I’m not judging my pastor’s theology or my mother’s faith.  It was what they believed; it was also what they were taught.  It was only years later at Princeton Seminary that I discovered a fuller theological view; since then my understanding has grown over the years and is still growing.  You could say that while I was formed by Zurich, but I was and am being reformed by Geneva. That is, I discovered that Calvin didn’t approach the sacrament as “just” a memorial meal.  In the sixteenth century the one question that plagued both Protestants and Catholics was where Christ was located in the sacrament.  It seems arcane to us, maybe, but it was a hotly debated question at the time.  As we know, Roman Catholics over centuries developed a theology of the Mass, a sacrifice, in which they came to confess that the bread and wine are literally transubstantiated into the actual body and blood of Christ.  To consume the elements is to consume Christ.  It is through the Mass that grace gets into you that why you should go to Mass often, daily actually.  The Protestants wanted none of that, primarily because scripture can’t substantiate such a view.  But even among Protestants agreement was elusive.  The Lutherans engaged in heated, angry debate with the likes of Calvin and Zwingli.  The Lutherans said the elements didn’t change, but Christ was located in the elements. Calvin and Zwingli and many other Reformed pastors didn’t agree, but even they couldn’t agree on what goes on in the sacrament.  In the end, Zwingli’s “memorial” view prevailed, perhaps because it’s the simplest.

            In contrast, Calvin believed the sacrament was more than a memorial meal.  He didn’t agree that Christ was limited to the elements.  But he would not give up on the notion that when we celebrate the meal, rightly administered, that Christ was present. It wasn’t imaginary or magical, but what he called a “real presence.”  In fact, it might come as a surprise to many that his views on the sacrament come very close to what we would call a mystical understanding. Can you imagine Calvin as a mystic?  Yet, the argument could be made.  That is, he believed that when we share the meal we encounter the real presence of Christ and that this meal is really Holy Communion because there is an actual communion that takes place between human beings and the Holy.  When we share the meal we are participating in Christ’s presence.  Communion is union with Christ. Calvin said, “It is not lawful for us to drag Christ down from heaven to be in the bread;”[1] instead, the Holy Spirit conveys the human spirit to unite with Christ in the heavenly realm.  When we celebrate the sacrament we are lifted up to Christ.[2]

            Now, the logical part of our brains will probably kick-in at this point and try to figure out how this could be so. However, Calvin, who was an extraordinary logical thinker, penned these telling words in his Institutes from 1559:  “Now, if anyone should ask me how this takes place, I shall not be ashamed to confess that it is a secret too lofty for either my mind to comprehend or my words to declare.  And, to speak more plainly, I rather experience than understand it.  Therefore, I embrace without controversy the truth of God in which I may safely rest.”[3]  I rather experience than understand it – this is an extremely significant and wise statement coming from Mr. Logical.  He experiences the real presence of Christ in the meal; with profound reverence he opens himself to the power of the symbols of bread and wine and rests in the knowledge that somehow, some way Christ will communicate himself through the meal.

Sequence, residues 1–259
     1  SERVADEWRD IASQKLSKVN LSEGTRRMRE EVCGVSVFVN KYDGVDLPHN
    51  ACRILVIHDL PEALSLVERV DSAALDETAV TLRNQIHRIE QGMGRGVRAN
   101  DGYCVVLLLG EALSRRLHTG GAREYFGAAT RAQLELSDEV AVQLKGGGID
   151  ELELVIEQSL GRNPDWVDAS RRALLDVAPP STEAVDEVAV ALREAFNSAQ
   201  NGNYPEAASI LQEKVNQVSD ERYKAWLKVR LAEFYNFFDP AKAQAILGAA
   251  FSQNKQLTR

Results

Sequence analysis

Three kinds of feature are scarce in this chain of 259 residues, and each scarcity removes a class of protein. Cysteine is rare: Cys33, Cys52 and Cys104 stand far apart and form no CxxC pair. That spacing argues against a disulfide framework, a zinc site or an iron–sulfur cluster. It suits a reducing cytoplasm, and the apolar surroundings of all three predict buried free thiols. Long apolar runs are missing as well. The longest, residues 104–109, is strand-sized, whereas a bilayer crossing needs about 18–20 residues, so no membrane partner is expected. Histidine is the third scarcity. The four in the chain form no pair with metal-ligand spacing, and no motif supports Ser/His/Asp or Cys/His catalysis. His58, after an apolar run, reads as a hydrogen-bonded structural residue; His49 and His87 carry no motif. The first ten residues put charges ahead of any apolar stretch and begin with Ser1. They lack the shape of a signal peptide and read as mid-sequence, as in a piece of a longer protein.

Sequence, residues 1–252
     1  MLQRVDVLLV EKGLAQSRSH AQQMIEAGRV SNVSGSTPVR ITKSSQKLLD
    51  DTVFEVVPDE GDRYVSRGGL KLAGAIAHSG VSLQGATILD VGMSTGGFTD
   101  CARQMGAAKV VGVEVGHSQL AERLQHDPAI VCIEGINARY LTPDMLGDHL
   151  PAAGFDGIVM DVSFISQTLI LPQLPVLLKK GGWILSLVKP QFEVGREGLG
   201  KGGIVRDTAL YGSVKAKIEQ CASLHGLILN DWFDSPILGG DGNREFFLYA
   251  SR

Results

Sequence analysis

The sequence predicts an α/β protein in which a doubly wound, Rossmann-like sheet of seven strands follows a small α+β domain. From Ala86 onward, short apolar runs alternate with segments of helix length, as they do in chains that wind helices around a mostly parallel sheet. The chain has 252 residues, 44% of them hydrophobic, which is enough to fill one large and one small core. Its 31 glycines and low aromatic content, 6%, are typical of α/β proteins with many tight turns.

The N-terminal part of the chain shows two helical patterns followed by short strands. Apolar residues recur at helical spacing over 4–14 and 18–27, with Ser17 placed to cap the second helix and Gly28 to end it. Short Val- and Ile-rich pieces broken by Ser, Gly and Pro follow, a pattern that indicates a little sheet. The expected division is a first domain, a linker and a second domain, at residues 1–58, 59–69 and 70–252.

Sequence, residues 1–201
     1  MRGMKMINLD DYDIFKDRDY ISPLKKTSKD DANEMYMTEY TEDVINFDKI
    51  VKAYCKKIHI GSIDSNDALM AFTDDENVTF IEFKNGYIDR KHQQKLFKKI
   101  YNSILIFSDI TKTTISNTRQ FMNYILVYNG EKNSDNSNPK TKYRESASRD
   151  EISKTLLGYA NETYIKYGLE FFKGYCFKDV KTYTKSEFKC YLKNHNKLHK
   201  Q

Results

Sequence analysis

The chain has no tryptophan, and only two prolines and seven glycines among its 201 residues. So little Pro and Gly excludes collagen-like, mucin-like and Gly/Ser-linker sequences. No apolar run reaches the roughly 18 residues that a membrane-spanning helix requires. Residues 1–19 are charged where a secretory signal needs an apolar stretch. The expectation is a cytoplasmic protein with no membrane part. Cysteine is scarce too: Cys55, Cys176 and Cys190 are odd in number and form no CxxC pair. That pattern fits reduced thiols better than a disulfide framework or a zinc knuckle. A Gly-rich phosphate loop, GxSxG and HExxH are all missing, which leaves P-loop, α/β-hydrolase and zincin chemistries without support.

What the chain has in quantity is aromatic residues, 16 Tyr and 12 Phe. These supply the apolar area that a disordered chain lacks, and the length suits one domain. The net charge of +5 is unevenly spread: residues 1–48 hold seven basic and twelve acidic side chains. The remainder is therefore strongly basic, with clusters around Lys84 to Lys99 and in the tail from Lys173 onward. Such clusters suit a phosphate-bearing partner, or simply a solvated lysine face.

This is no memorial meal for Calvin but something far more profound and significant – it’s a mystery that confronts us and embraces us, it’s a mystery that pulls us into a deeper communion, a union with Christ.  It is not to be understood, but experienced.  This is a remarkable understanding, given that the Reformed tradition has never known what to do with religious experience. We would rather stay in the safer world of reason, of logic, of belief, of understanding.  But, to be honest, who really understands what’s going on here at the table?

            It was theologian John Williamson Nevin (1803-1886), in 1846, writing up at Mercersburg Seminary (which evolved into Franklin and Marshall College), who tried to reclaim Calvin’s view.  Most have never heard of Nevin, very few read him these days.  He took on the Zwinglian tradition, represented at the time by the towering theologians at Princeton Theological Seminary. And they were towering, Princeton Seminary dominated the theological world in America for almost a century, with theologians such as Charles Hodge (1797-1878).  In Nevin’s book The Mystical Presence, he tried to reclaim the real presence tradition within Reformed Protestantism.  In language that is oddly contemporary and relevant, he urged the Church to remember that Christianity is not first a belief system; it’s not first about doctrine.  Ideas are “cold and dead,” he said.  Doctrine, important as it is, only follows from experience.  Doctrine as such has “no power as such to generate life.”  Christianity has “living power” he writes, but it comes not through doctrine and theological prepositions.  It comes through an experience with Christ.  This is perhaps the appropriate way we should read John 14, when Jesus says, “I am the way, the truth, and the life.”  This verse troubles a lot of people, particularly liberal-minded Christians.  It sounds so exclusive.  But note that Jesus doesn’t give us doctrine here or beliefs about him.  These aren’t life.  Jesus said, he is the way, the truth, the life – not beliefs about him, he gives us his self, his person, who he is is the embodiment of God’s love.[4]  It’s about the person.  It’s a person that we follow. When we are in him, we share his way, share his truth, and share his life. It comes through the depth of the relationship, through ever-deeper communion with Christ.